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Port St. Lucie Trucking Accident Attorney

After you’ve been in a truck accident, you may be wondering how to establish liability so that you can receive compensation for your injuries. Who is at fault for the accident? Who will cover your medical bills and damages? One of the first steps is understanding how to establish negligence. While it’s ultimately your lawyer’s job to do this, it’s helpful to know what to do so you can gather the appropriate documentation and advocate for yourself.

Proving Negligence in a Florida Trucking Accident

To establish negligence, your lawyer must prove the following four elements:

Duty: The truck driver had a duty to drive carefully and obey all traffic laws to keep others on the road safe.
Breach of Duty: The truck driver breached their duty by driving recklessly, speeding, or breaking other traffic laws.
Causation: The truck driver’s breach of duty caused the accident.
Damages: You suffered physical or psychological injuries and monetary losses due to the accident.

Establishing Truck Accident Liability After Filing a Lawsuit

Once negligence has been established, liability can be assigned accordingly. If the truck driver is found to be 100 percent at fault for the accident, they will be responsible for covering all your damages. However, if you are found to be partially at fault for the accident, your damage award will be reduced by your percentage of responsibility.

For example, if you are found to be 20 percent at fault for the accident, you will only be able to recover 80 percent of your damages from the other party. This is because trucking accidents in Florida are governed by a law known as pure comparative negligence. However, it’s important to note that you can collect compensation even if you are 99 percent at fault for the accident.

Factors that Determine Truck Accident Liability

Many factors will contribute to determining liability in a truck accident. Some of the most common include:

  • Who was operating the truck at the time of the accident?
  • Was the driver properly licensed and trained?
  • Were they following all state and federal regulations?
  • Did they violate any traffic laws before the crash?
  • What kind of condition was the truck in at the time of the accident? Was it properly maintained?
  • Was the cargo being transported properly secured?
  • Who is responsible for maintaining the truck? The driver, the trucking company, or a third party?
  • What caused the accident? Was it due to driver error, mechanical failure, or poor road conditions?

An experienced personal injury lawyer will investigate all these factors to determine who may be liable for your injuries and help establish what percentage of fault should be assigned.

Determining Financial Compensation Your Truck Accident Claim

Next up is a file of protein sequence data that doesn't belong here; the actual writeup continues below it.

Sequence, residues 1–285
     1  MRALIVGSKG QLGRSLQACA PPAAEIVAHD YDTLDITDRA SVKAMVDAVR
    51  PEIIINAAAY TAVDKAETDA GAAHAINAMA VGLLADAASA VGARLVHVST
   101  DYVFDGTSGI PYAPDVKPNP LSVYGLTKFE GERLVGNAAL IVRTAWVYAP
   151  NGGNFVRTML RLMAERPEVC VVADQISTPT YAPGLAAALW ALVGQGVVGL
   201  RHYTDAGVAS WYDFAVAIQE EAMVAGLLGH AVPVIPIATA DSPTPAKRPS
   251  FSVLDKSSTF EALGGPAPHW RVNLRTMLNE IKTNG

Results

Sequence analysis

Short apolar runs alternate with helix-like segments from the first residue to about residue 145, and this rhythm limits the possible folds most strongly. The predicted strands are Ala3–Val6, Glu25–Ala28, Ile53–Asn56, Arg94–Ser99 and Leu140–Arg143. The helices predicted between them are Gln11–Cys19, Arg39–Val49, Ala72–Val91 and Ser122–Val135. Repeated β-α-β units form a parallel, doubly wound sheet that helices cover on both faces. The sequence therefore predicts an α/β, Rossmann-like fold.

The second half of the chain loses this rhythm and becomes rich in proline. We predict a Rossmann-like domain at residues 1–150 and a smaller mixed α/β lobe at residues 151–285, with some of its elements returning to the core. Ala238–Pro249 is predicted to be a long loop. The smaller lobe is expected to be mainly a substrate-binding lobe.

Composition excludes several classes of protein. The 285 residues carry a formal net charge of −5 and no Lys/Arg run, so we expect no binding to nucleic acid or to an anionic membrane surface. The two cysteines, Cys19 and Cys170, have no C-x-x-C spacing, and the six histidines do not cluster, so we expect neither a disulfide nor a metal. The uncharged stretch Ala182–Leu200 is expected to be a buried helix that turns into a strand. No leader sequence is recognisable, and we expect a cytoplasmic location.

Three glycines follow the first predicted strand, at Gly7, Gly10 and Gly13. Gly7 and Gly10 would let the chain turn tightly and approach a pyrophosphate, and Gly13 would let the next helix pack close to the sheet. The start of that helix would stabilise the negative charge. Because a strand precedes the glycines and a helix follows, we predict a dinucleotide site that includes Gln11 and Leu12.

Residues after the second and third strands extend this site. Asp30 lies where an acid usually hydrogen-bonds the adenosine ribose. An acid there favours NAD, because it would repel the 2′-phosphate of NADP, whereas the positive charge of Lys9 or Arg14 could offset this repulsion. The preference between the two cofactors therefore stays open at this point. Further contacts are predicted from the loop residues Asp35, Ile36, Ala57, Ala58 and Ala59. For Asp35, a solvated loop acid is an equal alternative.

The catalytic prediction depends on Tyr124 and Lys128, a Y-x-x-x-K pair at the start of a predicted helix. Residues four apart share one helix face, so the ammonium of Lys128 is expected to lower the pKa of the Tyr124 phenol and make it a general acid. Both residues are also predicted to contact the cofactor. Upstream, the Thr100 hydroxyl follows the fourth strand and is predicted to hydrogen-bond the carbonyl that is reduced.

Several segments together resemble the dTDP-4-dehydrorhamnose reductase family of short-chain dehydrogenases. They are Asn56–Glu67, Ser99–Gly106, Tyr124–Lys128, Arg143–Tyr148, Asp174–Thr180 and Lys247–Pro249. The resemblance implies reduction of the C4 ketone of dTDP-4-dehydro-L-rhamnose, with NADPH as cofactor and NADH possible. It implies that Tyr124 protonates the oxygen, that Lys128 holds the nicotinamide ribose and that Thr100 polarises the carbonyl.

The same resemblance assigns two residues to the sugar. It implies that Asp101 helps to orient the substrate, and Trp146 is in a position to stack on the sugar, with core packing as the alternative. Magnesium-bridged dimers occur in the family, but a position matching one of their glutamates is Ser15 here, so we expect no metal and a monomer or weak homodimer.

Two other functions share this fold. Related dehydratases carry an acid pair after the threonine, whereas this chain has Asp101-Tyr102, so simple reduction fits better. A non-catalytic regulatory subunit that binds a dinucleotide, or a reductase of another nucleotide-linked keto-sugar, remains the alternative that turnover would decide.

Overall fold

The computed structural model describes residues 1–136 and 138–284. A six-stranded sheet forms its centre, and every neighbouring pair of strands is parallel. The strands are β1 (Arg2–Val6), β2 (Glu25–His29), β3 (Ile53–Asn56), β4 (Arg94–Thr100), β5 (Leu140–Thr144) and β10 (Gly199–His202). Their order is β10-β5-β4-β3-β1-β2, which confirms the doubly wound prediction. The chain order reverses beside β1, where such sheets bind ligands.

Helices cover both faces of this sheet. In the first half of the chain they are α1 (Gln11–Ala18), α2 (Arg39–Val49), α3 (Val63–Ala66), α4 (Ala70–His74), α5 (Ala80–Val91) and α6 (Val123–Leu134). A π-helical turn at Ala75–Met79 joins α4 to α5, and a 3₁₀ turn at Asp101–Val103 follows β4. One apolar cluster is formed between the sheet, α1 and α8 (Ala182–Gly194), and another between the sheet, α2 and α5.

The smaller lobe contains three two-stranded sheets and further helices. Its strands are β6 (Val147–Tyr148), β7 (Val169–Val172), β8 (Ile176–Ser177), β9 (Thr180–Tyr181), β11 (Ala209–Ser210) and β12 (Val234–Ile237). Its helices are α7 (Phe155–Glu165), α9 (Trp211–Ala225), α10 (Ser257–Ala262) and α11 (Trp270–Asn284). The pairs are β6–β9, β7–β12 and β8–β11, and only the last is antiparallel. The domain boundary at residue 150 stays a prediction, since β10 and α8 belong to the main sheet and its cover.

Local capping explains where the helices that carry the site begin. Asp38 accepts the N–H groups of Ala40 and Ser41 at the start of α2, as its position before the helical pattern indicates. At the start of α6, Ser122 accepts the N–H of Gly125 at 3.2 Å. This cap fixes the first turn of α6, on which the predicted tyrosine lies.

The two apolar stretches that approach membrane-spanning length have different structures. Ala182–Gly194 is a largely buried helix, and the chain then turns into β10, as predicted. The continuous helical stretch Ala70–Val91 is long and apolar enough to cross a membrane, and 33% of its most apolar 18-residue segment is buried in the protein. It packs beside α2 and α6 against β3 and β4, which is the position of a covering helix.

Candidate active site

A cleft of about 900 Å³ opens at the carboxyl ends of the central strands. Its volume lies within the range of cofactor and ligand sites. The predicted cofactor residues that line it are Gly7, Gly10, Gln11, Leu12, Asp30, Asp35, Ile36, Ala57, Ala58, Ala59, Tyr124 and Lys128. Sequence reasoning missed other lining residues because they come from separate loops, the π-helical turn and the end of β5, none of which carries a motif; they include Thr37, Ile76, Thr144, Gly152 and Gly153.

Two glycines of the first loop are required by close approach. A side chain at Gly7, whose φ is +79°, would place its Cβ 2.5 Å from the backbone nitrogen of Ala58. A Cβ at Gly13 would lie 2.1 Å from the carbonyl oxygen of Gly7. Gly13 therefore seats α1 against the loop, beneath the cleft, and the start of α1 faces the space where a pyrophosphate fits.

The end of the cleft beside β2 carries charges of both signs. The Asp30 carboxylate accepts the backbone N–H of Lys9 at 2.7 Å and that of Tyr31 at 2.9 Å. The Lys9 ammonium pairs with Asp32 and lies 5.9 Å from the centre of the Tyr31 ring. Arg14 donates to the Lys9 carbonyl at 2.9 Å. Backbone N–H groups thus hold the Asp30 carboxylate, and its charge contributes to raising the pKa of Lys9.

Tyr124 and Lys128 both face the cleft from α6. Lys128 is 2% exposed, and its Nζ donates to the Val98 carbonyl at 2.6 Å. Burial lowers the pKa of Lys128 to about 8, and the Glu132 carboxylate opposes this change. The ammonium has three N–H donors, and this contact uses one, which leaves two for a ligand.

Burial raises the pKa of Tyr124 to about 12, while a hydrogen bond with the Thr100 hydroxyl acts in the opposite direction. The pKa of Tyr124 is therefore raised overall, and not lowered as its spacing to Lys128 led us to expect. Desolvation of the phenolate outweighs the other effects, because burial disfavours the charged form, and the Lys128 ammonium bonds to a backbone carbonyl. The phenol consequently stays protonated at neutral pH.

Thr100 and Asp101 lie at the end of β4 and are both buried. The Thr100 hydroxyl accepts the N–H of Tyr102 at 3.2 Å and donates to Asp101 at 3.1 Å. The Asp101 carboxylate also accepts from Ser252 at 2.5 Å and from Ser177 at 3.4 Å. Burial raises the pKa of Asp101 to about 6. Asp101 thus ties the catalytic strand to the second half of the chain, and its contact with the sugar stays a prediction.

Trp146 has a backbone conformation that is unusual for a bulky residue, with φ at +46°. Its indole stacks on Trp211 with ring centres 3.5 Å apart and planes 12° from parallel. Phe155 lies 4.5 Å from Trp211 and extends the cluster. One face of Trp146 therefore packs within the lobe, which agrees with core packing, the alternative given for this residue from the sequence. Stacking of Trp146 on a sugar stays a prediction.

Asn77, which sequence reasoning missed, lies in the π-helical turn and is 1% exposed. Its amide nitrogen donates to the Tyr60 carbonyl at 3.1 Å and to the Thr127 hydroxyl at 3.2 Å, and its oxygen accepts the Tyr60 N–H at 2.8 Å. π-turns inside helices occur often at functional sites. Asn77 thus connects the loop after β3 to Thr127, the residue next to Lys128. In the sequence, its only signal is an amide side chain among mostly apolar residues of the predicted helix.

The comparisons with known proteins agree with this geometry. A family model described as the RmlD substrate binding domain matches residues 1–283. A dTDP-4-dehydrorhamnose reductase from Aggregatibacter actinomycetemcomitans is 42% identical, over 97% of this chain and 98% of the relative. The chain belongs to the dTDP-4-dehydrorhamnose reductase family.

Your attorney will also need to prove the severity of your injuries to calculate how much compensation you are entitled to receive. They will gather evidence such as your medical records, hospital bills, prescription costs, testimony from expert witnesses (e.g., doctors), and pictures or videos of your injuries. Once all this evidence has been gathered and reviewed, your attorney will have a better idea of how much your case is worth and what kind of settlement you can expect to receive.

Other factors contributing to calculating your compensation include the amount of income you have lost because you are unable to work due to your injuries and the pain and suffering you have endured/will endure because of your injuries.

Federal Trucking Regulations for Safety

Trucking accidents can have devastating consequences. To help keep the roads safe, the federal government has enacted several regulations that commercial trucking companies and their drivers must follow.

Maximum Hours of Service Per Day and Week

The Federal Motor Carrier Safety Administration (FMCSA) regulates the maximum number of hours a truck driver can be on duty. A truck driver cannot drive for more than 11 hours in a day and must take at least ten consecutive hours off before starting another driving shift. In addition, a driver cannot be on duty for more than 60 hours in a 7-day period or 70 hours in an 8-day period.

Minimum Training Requirements for New Drivers

All new drivers in the trucking industry are required to complete training on various topics related to safety, including handling the vehicles, operating the vehicles safely, and understanding DOT regulations.

Random Drug and Alcohol Testing

Under federal regulations, commercial truck drivers are subject to random drug testing. In addition, any driver who is involved in an accident must undergo drug and alcohol testing if there is reason to believe that either substance played a role in the accident.

Why Hire GOLDLAW For Your Truck Accident Claim?

Our law firm has successfully represented many clients in truck accident cases, and we will put our experience to work for you. GOLDLAW is the right choice.

  • We Have the Experience You Need
    We have handled countless truck accident claims. We know what it takes to win these types of cases, and we will do everything in our power to get you the compensation you need and deserve.
  • We Have the Resources You Need
    Trucking accident cases can be complex and expensive. Our law firm has the resources needed to investigate your accident thoroughly and we are never afraid to go toe to toe with large insurance companies.
  • We Will Fight for You
    We will fight aggressively for your rights and ensure the responsible parties are held accountable.
  • We Care About You
    At our law firm, we understand that this is a trying time for you and your family. We are here to help you—from investigating your accident to negotiating with insurance companies—and we will stand by your side throughout the entire process.

Contact our Port St. Lucie accident attorneys today to schedule a free consultation.